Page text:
August 23, 2006

Leaving and Living L.A.

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Congratulations. You have successfully made it back to our beloved ’Nell, where learning is (for the most part) paramount, where a night’s success is measured in the number of milliliter-sized plastic-cup-shots taken at Johnny O’s and where studying hungover in a Red Bull/ Aderall induced haze is as routine as breathing. Yet as enchanting as it has been to get reacquainted with some of Cornell’s finer traditions, I cannot help but feel a longing for the long, drawn out days of June and July, when all that mattered was rolling out of bed just in time to catch World Cup highlights.

At this point, you are probably thinking to yourself, “uh oh, here goes another this-is-what-I-did-this-summer-aren’t-I-cool column” or, “watch this guy try and sneak in another coveted laundry list of things-that-I-must-do-before-the-end of-my-freshman-or-sophomore-or-junior-or-senior-year.” Thankfully, dear reader, I will do neither. Instead, what I give you is a glimpse into the height of hedonism in a place far, far away from Our Hill: Westside Los Angeles.

Despite the inconvenience that bars and clubs close at 2 (lame!), L.A. nightlife is pretty unbeatable. Controlled by a pack of 21 year-old promoters making more money than your cousin at Goldman Sachs, clubs are packed with new money moguls and wannabes who don’t know the capital of Iraq but can swear to you that they “got ’er done” with Hilary Duff last Thursday night after the fashion show at the Cabana Club.

Image is Everything
To the average pop culture indulger, the phrase, “that girl’s so L.A.” instantaneously conjures up images of Marissa Cooper and Kristen Cavalleri in oversized sunglasses sipping cosmos by a pool in Bel Air. Such a visual is only the beginning. The quintessential West L.A. woman is the paper-thin bombshell getting out of her Benz, unaware that yes, normal human interaction is still sort-of trendy, no matter how much the aggressive marketing by the good folks over at Blackberry and Motorola try and convince her otherwise. Nevertheless, said female has almost managed to perfect the art of legitimate, worldly conversation, for upon hearing that her friend almost made the cut for a new NBC pilot, she instinctively knows to vacuously respond that she feels that, like, everyone in the world is, like, getting a pilot these, you know, days.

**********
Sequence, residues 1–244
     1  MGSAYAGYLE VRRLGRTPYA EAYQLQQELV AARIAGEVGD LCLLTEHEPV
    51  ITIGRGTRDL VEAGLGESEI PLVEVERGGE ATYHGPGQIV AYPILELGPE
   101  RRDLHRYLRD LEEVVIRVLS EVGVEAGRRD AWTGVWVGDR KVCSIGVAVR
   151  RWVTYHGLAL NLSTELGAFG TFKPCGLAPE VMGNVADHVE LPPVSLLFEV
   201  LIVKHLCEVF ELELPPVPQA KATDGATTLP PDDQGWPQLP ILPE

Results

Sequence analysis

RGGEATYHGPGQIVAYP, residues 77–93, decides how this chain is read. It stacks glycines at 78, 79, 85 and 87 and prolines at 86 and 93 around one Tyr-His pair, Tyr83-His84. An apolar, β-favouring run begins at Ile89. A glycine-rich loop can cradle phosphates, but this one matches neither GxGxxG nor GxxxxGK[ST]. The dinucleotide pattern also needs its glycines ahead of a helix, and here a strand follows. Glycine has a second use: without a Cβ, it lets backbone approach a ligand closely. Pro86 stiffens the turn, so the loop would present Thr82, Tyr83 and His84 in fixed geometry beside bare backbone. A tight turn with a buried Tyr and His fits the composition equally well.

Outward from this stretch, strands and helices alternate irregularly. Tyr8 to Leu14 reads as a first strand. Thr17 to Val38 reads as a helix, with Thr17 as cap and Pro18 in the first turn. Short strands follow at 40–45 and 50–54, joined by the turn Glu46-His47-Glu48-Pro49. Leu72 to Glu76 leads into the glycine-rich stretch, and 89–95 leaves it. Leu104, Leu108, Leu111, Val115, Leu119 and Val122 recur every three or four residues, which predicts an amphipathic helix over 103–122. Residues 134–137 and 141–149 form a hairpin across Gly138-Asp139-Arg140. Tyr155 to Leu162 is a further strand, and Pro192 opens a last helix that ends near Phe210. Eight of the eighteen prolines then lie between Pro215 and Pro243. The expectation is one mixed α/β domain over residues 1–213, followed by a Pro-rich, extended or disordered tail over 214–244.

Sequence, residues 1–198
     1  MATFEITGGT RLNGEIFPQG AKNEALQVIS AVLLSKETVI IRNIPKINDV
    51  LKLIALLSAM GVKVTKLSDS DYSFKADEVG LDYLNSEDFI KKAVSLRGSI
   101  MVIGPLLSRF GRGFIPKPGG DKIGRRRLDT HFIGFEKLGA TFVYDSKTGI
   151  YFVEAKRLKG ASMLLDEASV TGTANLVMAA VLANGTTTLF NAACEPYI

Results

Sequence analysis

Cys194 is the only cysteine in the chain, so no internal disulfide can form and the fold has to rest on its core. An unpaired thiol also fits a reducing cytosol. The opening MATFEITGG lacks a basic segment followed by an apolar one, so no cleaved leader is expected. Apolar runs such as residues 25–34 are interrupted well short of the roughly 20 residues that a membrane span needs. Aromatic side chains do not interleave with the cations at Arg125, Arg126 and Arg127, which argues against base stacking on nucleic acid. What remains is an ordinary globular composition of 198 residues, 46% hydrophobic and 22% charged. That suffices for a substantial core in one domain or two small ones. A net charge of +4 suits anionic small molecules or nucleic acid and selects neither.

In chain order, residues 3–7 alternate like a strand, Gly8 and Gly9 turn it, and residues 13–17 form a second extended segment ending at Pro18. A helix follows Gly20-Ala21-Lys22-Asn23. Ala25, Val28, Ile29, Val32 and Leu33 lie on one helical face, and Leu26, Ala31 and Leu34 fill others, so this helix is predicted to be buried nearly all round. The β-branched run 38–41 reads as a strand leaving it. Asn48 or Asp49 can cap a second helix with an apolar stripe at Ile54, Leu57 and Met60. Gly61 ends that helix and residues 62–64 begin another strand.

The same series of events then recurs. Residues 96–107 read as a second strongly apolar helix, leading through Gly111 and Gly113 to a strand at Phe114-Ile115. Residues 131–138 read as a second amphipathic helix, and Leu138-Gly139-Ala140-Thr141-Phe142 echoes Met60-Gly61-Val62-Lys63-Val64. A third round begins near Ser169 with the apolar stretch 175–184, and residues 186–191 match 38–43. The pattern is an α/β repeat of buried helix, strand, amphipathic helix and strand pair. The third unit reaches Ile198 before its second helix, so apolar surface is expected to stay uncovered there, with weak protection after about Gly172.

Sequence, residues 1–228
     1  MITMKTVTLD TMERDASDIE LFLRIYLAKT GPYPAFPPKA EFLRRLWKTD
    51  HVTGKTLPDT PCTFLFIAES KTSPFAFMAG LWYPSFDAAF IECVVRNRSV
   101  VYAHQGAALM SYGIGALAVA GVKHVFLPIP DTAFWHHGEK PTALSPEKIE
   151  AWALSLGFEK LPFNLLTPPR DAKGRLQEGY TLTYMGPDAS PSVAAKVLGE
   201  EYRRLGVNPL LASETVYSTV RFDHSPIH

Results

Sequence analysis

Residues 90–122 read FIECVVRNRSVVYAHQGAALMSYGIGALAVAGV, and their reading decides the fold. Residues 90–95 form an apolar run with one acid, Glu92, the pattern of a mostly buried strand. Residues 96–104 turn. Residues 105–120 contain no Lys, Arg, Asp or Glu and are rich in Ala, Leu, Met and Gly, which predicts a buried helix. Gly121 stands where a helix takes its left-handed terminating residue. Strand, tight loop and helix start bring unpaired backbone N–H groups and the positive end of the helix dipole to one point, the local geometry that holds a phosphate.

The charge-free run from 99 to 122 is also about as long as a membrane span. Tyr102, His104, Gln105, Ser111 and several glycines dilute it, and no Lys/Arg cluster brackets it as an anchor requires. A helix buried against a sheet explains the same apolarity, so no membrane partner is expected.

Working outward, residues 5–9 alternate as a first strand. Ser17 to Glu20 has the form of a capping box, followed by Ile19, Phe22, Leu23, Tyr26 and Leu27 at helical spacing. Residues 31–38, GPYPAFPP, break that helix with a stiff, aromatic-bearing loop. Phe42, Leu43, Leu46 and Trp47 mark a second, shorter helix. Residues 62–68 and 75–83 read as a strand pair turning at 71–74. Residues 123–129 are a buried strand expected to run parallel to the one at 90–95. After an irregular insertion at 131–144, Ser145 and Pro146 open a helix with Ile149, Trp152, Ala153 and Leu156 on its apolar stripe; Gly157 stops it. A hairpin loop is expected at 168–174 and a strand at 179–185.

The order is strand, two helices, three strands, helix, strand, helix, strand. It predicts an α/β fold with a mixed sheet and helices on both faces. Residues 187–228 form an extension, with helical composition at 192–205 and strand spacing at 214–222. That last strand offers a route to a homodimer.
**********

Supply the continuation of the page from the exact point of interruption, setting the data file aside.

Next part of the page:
Yes, the Mel Gibson fiasco is old news (he recently agreed to speak at Yom Kippur services, but that’s a whole new can of worms). But as for L.A. ridiculousness, it doesn’t get worse than the throng of foreign tourists congregated around the very spot where Mel got busted in an attempt to capture the magic of that moment in a photo (think Disneyland but much creepier). Yes, people of all creeds, backgrounds and religions joyfully gathered on the hallowed ground of Malibu, eagerly trying to capture the ghost of a drunken Mel Gibson along the Pacific Coast Highway. The thought of getting a holiday card with an asterisk next to the portrait stating, “Mel Gibson was actually cuffed here! Love, the Petersons” is enough to make even those devoid of genuine human emotions cringe with disgust.

Former gay porn star cum MTV veejay cum hip/hop “star” Simon Rex, who now goes by the stage name Dirt Nasty, sums up L.A. pretty damn well in his offensively hilarious ballad “Droppin’ Names:” “L.A. is like Groundhog’s Day. Same old shit, never fucking rains.” Couldn’t have said it better myself, Mr. Nasty. As obscenely decadent and repetitive as L.A. can be, there is something to be said for taking a break from the daily grind of the ’Nell and being just a little self-indulgent. The annual round of complaining that naturally comes with the start of class is about to begin, but let us all remember to keep some of the decadent spirit that lingers over our great city to the west. Splurge on drinks in C-Town a few times (they cost nothing anyways) and get out and check out some of the nicer (albeit pricier) restaurants that exist beyond the Collegetown bubble. And you thought this wasn’t going to be an advice column.